Gaming without your brother

Tag Archives: humble indie bundle

I just had to google spelunking because I was unconvinced that it could really just mean exploring caves (which my prior knowledge was trying to tell me was true). It’s true – spelunking is just looking around caves.

Anyway, I’ve purchased the last 3 Humble Indie Bundles (I should’ve posted about 5 because it was so amazing, but hopefully you owned all the games already) and have played . . . an embarrassingly low number of those games. Additional sadness came today when I realized I haven’t listened to the soundtracks from those games or those from my games. The other day I received a recommendation to try out Cave Story for it’s awesome Metroidvania style of gameplay so I downloaded it and gave it a whirl.

Spoiler alert: it's pretty sweet.

Spoiler alert: it’s pretty sweet.

First thing I noticed was the music. The music behind the opening menu is fantastic! And as I’ve kept playing through the game, the music stays great, but I think my favorite thus far is still the opening theme (to be fair, I’m not really that far). The second thing that I had to notice was the old school art style. Gotta love the classics.

The story took me a minute to get into, I didn’t find myself really caring about Sue or any of these Mimigas for awhile. I was surprised, but maybe shouldn’t have been, by the freedom the game offers. I suppose I associate that art style with older games that stereotypically didn’t give much freedom. Someone was in trouble, you agreed to help them, if you don’t, they kept asking until you said yes, they were grateful. Bad guy asked are you ready to rumble, you said no, and he attacked anyway. Those types of situations. The first “mini boss” you run into asks if you want to fight, so just to try it out, I said no, and he left. Again, that kind of player-driven plot is really the norm in gaming now, right? But it pleasantly surprised me in Cave Story all the same.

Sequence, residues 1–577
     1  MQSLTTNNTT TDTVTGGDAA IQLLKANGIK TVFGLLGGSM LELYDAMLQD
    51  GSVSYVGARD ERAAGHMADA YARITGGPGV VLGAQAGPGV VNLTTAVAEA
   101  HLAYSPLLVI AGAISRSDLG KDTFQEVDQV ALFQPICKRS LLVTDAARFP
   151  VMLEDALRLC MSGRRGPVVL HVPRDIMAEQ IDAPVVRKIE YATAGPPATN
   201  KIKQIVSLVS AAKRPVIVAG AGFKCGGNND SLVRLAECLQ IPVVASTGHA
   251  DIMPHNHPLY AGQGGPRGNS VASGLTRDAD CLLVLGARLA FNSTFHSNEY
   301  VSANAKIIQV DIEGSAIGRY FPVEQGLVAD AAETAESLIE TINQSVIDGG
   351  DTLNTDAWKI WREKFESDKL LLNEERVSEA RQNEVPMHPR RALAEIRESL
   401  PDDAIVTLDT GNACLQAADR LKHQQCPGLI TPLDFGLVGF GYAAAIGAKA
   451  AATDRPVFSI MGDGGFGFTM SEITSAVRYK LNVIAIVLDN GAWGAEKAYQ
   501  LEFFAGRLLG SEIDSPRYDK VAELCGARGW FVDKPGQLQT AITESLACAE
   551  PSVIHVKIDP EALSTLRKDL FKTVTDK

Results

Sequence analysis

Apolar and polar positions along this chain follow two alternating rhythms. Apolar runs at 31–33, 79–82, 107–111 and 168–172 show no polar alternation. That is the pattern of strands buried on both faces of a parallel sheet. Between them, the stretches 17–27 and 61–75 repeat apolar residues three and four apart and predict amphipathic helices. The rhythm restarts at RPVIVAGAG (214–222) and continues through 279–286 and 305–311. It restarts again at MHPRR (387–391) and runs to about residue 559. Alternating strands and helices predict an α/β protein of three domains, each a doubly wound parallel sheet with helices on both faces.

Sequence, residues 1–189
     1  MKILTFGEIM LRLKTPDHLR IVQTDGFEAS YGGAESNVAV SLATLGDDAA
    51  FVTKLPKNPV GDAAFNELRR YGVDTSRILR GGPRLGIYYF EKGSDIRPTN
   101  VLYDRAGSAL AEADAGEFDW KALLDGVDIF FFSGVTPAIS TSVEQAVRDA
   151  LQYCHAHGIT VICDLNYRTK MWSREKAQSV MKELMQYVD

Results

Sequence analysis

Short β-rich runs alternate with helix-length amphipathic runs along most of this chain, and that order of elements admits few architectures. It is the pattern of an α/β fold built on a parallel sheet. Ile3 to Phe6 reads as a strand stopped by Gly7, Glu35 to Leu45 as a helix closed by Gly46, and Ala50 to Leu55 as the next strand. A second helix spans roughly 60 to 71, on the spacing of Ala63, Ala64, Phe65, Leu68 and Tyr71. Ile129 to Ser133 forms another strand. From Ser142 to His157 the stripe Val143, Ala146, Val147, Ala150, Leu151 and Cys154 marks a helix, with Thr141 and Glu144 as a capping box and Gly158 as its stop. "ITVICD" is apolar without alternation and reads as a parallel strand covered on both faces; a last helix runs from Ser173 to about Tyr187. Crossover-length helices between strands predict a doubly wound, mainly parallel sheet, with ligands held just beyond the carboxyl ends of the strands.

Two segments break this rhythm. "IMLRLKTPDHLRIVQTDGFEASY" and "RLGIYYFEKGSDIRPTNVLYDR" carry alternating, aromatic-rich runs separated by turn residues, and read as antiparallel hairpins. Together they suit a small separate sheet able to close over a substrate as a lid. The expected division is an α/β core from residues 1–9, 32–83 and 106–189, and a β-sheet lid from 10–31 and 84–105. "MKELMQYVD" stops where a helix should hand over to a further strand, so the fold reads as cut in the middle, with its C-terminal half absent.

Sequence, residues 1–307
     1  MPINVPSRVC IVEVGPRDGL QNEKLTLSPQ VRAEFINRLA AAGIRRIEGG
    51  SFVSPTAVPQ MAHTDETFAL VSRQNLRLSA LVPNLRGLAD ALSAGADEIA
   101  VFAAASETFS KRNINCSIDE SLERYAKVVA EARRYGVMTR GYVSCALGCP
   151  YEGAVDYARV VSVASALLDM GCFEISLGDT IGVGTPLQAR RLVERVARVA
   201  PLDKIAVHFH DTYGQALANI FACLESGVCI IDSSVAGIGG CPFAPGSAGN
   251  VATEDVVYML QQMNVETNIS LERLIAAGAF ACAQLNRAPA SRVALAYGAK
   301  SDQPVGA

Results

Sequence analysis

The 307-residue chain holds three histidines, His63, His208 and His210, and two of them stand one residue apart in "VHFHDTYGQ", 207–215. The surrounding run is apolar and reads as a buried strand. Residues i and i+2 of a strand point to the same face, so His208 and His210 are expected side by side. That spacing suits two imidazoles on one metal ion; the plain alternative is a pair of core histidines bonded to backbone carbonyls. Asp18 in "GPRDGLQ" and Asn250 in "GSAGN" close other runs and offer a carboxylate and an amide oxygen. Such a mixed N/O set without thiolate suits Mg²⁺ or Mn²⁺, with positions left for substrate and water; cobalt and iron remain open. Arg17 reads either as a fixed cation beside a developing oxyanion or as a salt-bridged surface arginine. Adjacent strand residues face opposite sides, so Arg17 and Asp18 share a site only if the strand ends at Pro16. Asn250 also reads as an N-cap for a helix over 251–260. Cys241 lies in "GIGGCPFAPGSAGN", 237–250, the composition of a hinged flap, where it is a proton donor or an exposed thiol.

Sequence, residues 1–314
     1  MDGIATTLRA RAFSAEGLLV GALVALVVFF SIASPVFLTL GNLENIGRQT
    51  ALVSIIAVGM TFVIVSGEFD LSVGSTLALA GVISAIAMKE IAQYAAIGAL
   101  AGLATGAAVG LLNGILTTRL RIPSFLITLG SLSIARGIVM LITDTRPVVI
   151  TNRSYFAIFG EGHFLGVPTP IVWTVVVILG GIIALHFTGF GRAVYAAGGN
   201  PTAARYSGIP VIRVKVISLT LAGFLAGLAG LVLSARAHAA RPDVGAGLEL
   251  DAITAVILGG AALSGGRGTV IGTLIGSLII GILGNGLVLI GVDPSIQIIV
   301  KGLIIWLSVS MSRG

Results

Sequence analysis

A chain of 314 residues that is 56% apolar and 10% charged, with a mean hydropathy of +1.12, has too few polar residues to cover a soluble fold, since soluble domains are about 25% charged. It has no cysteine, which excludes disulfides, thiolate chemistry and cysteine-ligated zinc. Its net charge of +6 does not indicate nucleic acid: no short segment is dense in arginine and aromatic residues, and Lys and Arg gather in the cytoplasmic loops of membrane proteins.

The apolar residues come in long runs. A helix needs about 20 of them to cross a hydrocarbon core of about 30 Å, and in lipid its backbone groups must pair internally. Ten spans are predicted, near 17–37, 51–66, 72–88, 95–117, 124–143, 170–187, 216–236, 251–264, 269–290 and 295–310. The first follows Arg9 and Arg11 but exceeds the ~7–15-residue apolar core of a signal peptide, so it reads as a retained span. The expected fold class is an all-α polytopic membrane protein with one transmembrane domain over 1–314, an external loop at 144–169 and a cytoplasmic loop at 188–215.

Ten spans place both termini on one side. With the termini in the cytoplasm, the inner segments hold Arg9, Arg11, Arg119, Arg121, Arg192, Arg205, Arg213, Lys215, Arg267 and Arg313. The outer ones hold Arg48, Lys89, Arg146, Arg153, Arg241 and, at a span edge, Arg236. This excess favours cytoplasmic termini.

My beef? The controls. I like the simplicity, but something about the jump took me longer than it should have to master. And while I love self-deprecation and admitting my own ridiculousness, I felt like I was pressing that damn key just like I should have and the jump wasn’t going as far as it was supposed to. Having said that, every game has a learning curve of varying gradations to get comfortable with the controls, so now I’m a jumping master.

No one tells you the down arrow does stuff!

No one tells you the down arrow does stuff! I mean, maybe they explained it in the beginning, and I pressed ‘Z’ too many times too quickly to read what they were telling me. But I took a few minutes in this room to figure out the floppy and the heart monitor, embarrassingly enough.

I’m getting more and more invested in this game. I realized I needed to take a break to write this and get started on Rayman ( weekend sale on the first 3 Rayman games, if you’re interested, and other really great games actually. This a good weekend sale on the site).

If you tried Cave Story in the past and didn’t get hooked, maybe give it a little more time to whet your whistle. If you tried Cave Story in the past and played for a long time and hated it, leave a comment because I’d love to hear your critiques. If you tried Cave Story in the past and loved it, then good on ya. If you tried – nah, I’m just kidding, I’ll stop doing that repetition-in-the-beginning-of-the-sentence thing. But seriously, give Cave Story a first or maybe second chance, and be sure to leave a comment about what you think!